NSW will become the first Australian state to welcome quarantine-free international travel once again, in a move that could further delay the opening up of the country's internal borders.
Premier Dominic Perrottet on Friday announced that all quarantine and isolation would be abandoned for fully vaccinated international arrivals who test negative before and after their flights.
But international tourism is not back on just yet, with Prime Minister Scott Morrison cautioning the reopening will only be extended to Australian citizens, permanent residents and their parents.
Tourism and travel operators on Friday welcomed the decision as a positive first step.
Dean Long, Chief Executive at the Australian Federation of Travel Agents, told AAP the decision marked an entry to the "long runway of recovery" for the travel sector.
Mr Long said COVID-19 would be around forever, and allowing Australians to return home and then opening up leisure and corporate travel for Australians was a "really important first step".
But he said it was not a watershed moment, with travel agents unlikely to get a revenue boost until the second quarter of 2022.
"We only get paid once that travel is taken," he said. "It's not like a cafe where they open up today and get revenue today."
CEO of the Tourism & Transport Forum Margy Osmond said the change was "about hope".
"It's about being positive and moving on."
But Ms Osmond cautioned that even once the federal government starts dispensing tourist visas, many people won't come until the country's internal borders open up.
Tourists want to see the Great Barrier Reef and the Barossa Valley as well as the Sydney Opera House, she said.
But the decision to ease open NSW's international border could mean the interstate borders stay shut longer.
The majority of states have blocked NSW travellers and many are considering home quarantine options for international travellers.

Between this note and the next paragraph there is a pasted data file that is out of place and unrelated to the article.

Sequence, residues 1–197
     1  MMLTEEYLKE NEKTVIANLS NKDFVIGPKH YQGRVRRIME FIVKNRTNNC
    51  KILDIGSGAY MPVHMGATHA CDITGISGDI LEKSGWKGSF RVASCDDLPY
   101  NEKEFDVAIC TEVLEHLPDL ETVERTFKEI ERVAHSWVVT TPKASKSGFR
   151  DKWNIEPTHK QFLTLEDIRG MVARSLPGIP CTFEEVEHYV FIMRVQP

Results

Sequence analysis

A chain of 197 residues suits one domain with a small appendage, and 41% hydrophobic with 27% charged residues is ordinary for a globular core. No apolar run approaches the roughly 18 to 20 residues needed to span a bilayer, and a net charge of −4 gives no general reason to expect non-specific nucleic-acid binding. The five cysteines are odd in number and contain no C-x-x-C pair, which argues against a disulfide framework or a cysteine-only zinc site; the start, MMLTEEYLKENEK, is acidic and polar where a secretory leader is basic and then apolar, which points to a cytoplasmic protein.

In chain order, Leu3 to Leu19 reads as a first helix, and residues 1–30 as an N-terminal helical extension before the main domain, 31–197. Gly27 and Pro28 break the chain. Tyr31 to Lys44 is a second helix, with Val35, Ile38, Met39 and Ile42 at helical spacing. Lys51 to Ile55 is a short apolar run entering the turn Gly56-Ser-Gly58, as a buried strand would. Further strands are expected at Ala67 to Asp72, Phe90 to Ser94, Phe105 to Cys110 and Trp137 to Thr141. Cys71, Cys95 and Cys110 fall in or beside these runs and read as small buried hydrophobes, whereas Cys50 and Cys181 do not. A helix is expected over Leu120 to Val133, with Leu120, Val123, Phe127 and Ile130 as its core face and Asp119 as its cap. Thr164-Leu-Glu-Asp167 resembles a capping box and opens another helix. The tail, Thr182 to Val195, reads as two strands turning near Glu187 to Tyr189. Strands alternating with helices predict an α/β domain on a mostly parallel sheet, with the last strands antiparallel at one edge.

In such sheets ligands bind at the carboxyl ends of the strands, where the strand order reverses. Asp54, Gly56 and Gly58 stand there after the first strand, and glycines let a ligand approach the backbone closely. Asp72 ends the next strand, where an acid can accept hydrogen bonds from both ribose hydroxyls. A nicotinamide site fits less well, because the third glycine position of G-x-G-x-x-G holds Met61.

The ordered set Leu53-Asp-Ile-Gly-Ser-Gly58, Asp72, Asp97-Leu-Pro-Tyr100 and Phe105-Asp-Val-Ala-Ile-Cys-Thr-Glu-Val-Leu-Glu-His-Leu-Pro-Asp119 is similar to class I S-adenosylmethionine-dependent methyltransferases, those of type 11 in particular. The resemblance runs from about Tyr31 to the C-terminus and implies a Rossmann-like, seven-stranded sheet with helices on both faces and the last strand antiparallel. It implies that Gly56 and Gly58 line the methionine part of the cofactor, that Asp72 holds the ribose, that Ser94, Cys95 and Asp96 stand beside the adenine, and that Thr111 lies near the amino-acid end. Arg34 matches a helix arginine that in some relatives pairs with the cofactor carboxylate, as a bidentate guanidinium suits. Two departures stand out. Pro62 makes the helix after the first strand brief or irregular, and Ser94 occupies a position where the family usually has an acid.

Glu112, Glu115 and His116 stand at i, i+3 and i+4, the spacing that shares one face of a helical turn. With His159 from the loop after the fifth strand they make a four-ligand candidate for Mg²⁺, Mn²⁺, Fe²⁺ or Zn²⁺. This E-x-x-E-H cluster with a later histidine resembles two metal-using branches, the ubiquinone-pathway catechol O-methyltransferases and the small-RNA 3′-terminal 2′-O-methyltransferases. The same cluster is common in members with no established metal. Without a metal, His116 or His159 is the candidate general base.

Queensland's Chief Health Officer Jeannette Young has already flagged border settings with NSW will be reviewed after the announcement.
Mr Perrottet conceded people in NSW will be able to travel overseas before they can travel to some states.
"People in NSW will be flying to Bali before Broome... (but) we need to rejoin the world," he said.
He said the move would help facilitate family reunions, by allowing those stuck overseas to return home via NSW.
Business Council chief executive Jennifer Westacott said other states and territories should act with the same "clarity and purpose" as NSW.
"We can't risk a situation that sees people free to leave and enter Australia but not move between states," she said.
Gabriel Metcalf, CEO of the Committee for Sydney, said Sydney was a global city and international travel was "especially important".
"It means we can open back up for international students, for tourists, and for business meetings. It means those of us with families overseas can reconnect," he said.
Mr Morrison flagged that skilled labour and international students would be the next groups welcomed into NSW.
That will be necessary to help the tourism industry prepare for international arrivals, Ms Osmond said.
The industry has lost over 600,000 direct and indirect jobs during the pandemic, and it will need skilled labour to cope with future demand, she said.
Australian Associated Press